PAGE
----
Upcoming Federal Court Decision Could Mean Premium Increases for Nearly 5 Million Americans

The Halbig v. Burwell case before the U.S. District Court of Appeals could negatively impact millions of Americans who are benefiting from the Affordable Care Act (ACA).

A new analysis from Avalere Health finds that without action from the federal government nearly 5 million Americans would receive an average premium increase of 76 percent if the courts ultimately rule that consumers in the federal exchange cannot receive premium subsidies. 

Halbig v. Burwell asserts that the Internal Revenue Service exceeded its authority in issuing a May 2012 rule that provides premium subsidies to individuals purchasing coverage through the federally facilitated exchange. While the ACA specifies that subsidies should be administered “through an exchange established by the state,” the law also gives the federal government the authority to establish an exchange on the state’s behalf. Only 16 states and the District of Columbia opted to create their own exchanges in time for the 2014 plan year.  

“The court case has major implications for future insurance coverage and access to care for millions of Americans,” said Caroline Pearson, vice president at Avalere Health. “Depending on the ultimate decision by the courts and absent some other remedy, individuals in at least 25 states who remain in their current plans could see an average premium increase of over 70 percent.”

In the 36 states served by the federally facilitated exchange, on average, 87 percent of individuals who bought coverage received premium subsidies with a high of 94 percent in Mississippi. Meanwhile, federal premium subsidies reduce monthly premiums by an average of 76 percent across these states. Specifically, individuals receiving subsidies in Mississippi currently see their premiums reduced by an average of 95 percent.  Consumers in Florida, Alaska, Missouri, and Georgia received premium reductions of over 80 percent, on average.

Two lower courts have already ruled in favor of the federal government. However, some speculation suggests that the U.S. District Court of Appeals for the District of Columbia could rule contrary to the lower court decisions, opening the door for more legal action, including eventual consideration by the Supreme Court. The district court is expected to rule by the end of the summer.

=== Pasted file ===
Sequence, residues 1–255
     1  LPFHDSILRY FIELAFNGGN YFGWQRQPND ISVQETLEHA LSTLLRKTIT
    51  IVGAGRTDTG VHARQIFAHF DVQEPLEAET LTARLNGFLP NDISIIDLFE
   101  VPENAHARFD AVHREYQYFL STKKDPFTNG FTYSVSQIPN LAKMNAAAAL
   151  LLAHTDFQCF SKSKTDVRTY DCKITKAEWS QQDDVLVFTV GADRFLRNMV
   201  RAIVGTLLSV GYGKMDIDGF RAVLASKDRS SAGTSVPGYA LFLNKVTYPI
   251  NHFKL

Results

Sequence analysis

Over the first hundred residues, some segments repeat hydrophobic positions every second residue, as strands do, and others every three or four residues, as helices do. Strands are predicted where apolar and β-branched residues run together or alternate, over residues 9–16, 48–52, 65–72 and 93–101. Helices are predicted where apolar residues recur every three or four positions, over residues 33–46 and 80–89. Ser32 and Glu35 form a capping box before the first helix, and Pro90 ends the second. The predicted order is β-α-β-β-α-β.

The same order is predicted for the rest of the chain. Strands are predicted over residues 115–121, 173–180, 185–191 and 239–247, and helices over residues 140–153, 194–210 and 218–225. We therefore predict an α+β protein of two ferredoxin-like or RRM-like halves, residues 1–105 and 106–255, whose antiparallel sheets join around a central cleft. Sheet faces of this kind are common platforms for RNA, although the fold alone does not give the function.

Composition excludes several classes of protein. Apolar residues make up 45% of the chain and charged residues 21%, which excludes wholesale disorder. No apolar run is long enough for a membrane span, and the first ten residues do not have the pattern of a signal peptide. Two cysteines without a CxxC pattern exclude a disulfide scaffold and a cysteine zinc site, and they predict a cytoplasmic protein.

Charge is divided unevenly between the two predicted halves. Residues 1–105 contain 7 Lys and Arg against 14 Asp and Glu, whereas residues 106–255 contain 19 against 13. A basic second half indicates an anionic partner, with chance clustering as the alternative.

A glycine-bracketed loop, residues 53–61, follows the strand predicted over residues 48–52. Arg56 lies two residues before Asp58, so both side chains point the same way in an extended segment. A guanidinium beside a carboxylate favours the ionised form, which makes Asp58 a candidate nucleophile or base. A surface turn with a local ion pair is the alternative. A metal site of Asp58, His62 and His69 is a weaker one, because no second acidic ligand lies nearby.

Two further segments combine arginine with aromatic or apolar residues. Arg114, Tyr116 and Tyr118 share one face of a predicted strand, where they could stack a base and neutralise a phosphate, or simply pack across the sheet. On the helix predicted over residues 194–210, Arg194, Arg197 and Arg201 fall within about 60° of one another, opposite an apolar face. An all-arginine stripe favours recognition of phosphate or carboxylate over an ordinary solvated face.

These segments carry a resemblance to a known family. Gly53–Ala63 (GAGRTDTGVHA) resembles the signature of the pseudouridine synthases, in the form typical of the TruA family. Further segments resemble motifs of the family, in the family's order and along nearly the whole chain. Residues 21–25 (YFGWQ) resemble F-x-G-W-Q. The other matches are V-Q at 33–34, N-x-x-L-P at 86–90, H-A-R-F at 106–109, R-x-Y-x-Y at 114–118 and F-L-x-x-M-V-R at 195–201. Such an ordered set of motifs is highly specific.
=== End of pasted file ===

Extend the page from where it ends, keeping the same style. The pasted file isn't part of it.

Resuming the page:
“States, Congress, and the Administration will be under immense pressure to act to prevent large premium increases if the courts ultimately rule that individuals in federal exchanges are not eligible for tax credits,” said Elizabeth Carpenter, director at Avalere Health. “No doubt the politics surrounding the Affordable Care Act will make any action difficult and could potentially make insurance unaffordable for millions of Americans who are already enrolled today.”

For more information about Halbig v. Burwell, contact Elizabeth Carpenter at ECarpenter@Avalere.com

Please find Avalere's full press release attached.

Methodology 

Analysis assumes consumers do not switch plans following ruling. Loss of subsidies would be considered a qualifying event, and therefore consumers would have the option to select a less-expensive plan.

While Idaho and New Mexico are considered state-based exchanges by HHS, both relied heavily on federal infrastructure for 2014 and are included in ASPE’s calculations. Therefore, both states appear with premium increases in the figure above, but are considered state-based for the purposes of counting the number of states setting up an exchange. 

Premium increases are based on “Premium Affordability, Competition, and Choice, In the Health Insurance Marketplace, 2014,” HHS / ASPE, June 18, 2014. The number of individuals who would be impacted by the ruling was calculated using the percent of enrollees in the federal exchange that are being subsidized (87 percent) from the June 2014 report and total enrollment (5.45M) from  “Health Insurance Marketplace: Summary Enrollment Report For The Initial Annual Open Enrollment Period,” HHS / ASPE, May 1, 2014.

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